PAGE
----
PONTE VEDRA BEACH, Fla. – Robert Karlsson can’t help but be inspired by his fellow Swede.
As Karlsson makes his way out of an abyss of his own making, there’s hope and motivation in seeing how Henrik Stenson is flourishing after he re-emerged twice from deep, dark places.
Karlsson shot a 6-under-par 64 Thursday to get himself into contention in the first round of the Web.com Tour Championship. He’s tied for second with Mark Anderson, a shot behind Ashley Hall. At 72nd on the Web.com Tour Finals money list, Karlsson needs a good week to win back exempt status on the PGA Tour. He probably needs a finish of T-15 or better to win back his Tour card.
At 44, Karlsson is a long way from where he imagined he would be two years ago when he took up PGA Tour membership with 11 European Tour victories, five T-8s or better in major championships and two Ryder Cup appearances on his resume.
Back in 2011, Karlsson racked up $1.7 million in PGA Tour earnings and tied for fourth at the PGA Championship. He looked headed toward bigger things.
But then the abyss opened last year, slowly swallowing Karlsson’s game until it devoured his confidence.
He lost his Tour card last year and had to go back to Q-School to get it. He lost his card again this year.
“You miss being on the stage when you see what other Swedes are doing,” Karlsson said.
Stenson won two FedEx Cup playoff events this year and claimed the FedEx Cup in a torrid late-summer run. Stenson twice worked his way out of miserable slumps in his career.
There’s hope in that for Karlsson. There was hope, too, in talking to Sergio Garcia, who struggled a few years back to rid himself of a maddening habit of constantly re-gripping his golf club over shots. Karlsson said Garcia shared with him what he did to break his habit back when Karlsson withdrew from the British Open.
“Sergio had a good point,” Karlsson said. “He said when you get into those kind of problems, what you need is time. It’s not physically difficult to break the habit, but you need time. You need time and repetition. Do we have that time in July? Can we take three or four weeks off? No. That’s what Sergio said. He said, `I just didn’t have the time, and it got worse and worse until I had to take time.’”
Karlsson’s downward spiral began sometime before last year’s British Open.
Something started going haywire with his pre-shot routine, worsening to the point that he was freezing over the ball, struggling to take the club back to begin his swing. Before he knew it, he had the full-swing yips.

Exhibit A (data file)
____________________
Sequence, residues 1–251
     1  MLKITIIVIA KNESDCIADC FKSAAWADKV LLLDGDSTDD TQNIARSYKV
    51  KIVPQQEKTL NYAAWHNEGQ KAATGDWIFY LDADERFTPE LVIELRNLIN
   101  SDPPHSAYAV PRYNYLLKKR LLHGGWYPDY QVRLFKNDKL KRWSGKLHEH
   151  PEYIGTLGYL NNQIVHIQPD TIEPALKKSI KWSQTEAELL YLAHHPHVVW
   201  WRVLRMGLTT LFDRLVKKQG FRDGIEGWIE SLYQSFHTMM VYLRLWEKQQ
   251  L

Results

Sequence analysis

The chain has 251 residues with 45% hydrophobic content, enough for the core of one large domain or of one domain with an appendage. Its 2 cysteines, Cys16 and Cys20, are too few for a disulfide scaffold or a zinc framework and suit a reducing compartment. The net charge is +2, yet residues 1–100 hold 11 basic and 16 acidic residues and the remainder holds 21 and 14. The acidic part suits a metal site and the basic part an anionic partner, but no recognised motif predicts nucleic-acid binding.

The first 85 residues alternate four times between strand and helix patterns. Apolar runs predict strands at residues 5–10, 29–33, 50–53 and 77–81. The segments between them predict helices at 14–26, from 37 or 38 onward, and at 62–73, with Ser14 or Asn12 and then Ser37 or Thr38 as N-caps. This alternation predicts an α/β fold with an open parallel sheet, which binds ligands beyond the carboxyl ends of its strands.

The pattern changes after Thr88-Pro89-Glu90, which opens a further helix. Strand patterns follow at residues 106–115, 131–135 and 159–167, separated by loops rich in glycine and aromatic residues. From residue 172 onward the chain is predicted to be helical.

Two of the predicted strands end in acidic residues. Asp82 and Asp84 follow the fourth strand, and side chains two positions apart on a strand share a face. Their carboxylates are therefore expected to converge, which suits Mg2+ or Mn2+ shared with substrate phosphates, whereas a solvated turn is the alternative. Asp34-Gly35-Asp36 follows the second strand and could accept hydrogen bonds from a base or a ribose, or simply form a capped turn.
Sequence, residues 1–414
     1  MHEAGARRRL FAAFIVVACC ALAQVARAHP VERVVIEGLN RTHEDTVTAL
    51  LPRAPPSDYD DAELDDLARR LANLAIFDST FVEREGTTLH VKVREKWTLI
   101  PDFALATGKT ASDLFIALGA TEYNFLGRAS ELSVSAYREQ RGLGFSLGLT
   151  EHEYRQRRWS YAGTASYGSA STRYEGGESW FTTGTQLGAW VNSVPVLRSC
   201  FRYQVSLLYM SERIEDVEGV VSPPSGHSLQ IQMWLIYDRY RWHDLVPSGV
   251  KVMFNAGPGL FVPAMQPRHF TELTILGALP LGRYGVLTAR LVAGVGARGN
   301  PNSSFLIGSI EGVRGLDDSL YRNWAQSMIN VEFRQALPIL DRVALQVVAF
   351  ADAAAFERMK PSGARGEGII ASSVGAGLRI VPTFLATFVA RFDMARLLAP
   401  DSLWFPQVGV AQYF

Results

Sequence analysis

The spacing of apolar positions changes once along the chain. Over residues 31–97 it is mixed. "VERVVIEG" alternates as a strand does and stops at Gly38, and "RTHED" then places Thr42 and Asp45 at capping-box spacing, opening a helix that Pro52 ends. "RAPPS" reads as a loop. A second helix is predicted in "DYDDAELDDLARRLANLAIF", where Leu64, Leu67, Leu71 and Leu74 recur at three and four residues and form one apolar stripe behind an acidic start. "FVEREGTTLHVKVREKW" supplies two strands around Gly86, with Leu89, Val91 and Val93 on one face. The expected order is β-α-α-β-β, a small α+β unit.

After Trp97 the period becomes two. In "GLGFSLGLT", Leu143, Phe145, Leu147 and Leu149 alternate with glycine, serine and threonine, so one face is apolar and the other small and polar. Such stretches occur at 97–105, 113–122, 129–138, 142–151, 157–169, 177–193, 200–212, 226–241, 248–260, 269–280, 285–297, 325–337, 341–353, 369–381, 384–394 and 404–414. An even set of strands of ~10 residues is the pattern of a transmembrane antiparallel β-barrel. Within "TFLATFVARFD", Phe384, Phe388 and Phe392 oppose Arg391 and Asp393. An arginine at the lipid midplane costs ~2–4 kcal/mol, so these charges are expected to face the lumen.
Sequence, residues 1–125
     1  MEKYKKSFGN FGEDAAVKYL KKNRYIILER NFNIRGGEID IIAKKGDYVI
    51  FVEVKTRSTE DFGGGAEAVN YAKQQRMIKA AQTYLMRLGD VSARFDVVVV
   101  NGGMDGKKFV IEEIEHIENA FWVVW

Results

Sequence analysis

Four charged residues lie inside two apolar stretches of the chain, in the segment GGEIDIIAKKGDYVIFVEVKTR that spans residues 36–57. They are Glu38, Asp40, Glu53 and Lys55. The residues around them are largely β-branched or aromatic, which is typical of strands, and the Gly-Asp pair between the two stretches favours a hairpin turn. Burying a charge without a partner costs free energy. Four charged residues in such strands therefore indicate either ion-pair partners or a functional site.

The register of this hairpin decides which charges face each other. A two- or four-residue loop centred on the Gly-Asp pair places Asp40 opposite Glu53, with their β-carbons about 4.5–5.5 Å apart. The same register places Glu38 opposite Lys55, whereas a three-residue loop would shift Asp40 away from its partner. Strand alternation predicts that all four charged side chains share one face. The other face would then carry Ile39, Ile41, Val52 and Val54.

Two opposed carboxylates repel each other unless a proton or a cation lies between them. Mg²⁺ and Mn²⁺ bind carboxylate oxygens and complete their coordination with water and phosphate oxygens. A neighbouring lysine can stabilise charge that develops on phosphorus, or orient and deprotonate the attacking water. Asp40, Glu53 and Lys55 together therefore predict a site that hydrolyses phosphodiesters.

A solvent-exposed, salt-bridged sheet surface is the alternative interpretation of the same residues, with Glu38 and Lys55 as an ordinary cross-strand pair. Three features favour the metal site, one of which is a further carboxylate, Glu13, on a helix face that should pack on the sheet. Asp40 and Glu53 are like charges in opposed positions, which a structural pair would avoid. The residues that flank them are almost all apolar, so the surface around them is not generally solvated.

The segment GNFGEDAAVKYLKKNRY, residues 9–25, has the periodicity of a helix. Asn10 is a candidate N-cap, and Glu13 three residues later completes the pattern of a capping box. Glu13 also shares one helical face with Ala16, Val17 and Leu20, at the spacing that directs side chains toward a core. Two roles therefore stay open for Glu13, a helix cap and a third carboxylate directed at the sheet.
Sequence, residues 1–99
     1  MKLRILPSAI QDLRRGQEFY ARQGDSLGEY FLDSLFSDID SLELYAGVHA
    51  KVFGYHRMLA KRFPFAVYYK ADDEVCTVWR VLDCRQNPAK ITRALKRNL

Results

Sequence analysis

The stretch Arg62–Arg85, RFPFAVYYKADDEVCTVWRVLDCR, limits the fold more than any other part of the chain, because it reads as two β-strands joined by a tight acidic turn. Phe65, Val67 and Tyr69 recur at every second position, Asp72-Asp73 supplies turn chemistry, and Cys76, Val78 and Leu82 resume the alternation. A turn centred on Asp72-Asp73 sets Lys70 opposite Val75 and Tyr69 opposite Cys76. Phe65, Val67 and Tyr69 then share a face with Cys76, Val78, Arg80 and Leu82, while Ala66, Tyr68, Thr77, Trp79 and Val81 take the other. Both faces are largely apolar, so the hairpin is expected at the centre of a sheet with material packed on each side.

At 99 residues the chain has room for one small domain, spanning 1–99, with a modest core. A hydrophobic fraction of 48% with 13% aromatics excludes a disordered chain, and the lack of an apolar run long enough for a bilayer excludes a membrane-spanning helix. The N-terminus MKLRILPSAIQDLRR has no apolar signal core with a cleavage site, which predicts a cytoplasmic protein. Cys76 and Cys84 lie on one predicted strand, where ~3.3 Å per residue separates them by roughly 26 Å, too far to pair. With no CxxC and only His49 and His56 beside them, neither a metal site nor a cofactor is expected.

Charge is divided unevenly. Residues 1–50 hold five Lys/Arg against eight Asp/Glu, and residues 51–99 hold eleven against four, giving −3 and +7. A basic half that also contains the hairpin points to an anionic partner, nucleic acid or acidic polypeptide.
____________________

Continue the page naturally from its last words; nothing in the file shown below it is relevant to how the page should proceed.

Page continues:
It got so bad in his practice rounds at the 2011 British Open that he withdrew on the eve of the championship.
Karlsson left the British Open unsure what the future held.
“I didn’t want to put a foot on the golf course,” Karlsson said of his struggles.
Karlsson shut down his game. He closed quarters and re-grouped. He asked himself hard questions
“When you are where I was, you have to sit down and see first of all, 'Do I want to do this?’” Karlsson said. “It starts with a decision, then the work.”
Karlsson decided he would do the work it took to get rid of the yips.
“I couldn’t get the ball away,” Karlsson said. “I had to start from the beginning. I went to the range, put the ball on the tee peg and said. 'OK, if I hit a thousand shanks in a row, it doesn’t matter. It’s going away. I’m going to look up once, and I’m going to look down, and I’m going to hit it. And that’s how I started.”
It was no instant fix.
Karlsson took a month away from Tour events to work on a new pre-shot routine to help him take the club back without hesitation. He came back at the PGA Championship at Kiawah Island and actually got off to a strong start, getting himself in contention over the first 27 holes.
“I still had the problem getting the ball away,” Karlsson said. “When the pressure came on, I fell apart.”
Karlsson kept at it on the range, kept forcing himself to take the club away no matter how much he feared hitting a bad shot. He said it took six to eight months to finally rid himself completely of the yips.
“I don’t even think about it anymore,” he said.
Karlsson’s focus is back on ball-striking and scoring.
“If I look at the bigger picture, I’ve had a great career, but it’s not over yet,” Karlsson said. “I just want to build it up again. In the back of my mind, I definitely want to come back to play really good golf again.”
This week offers a chance to accelerate the comeback.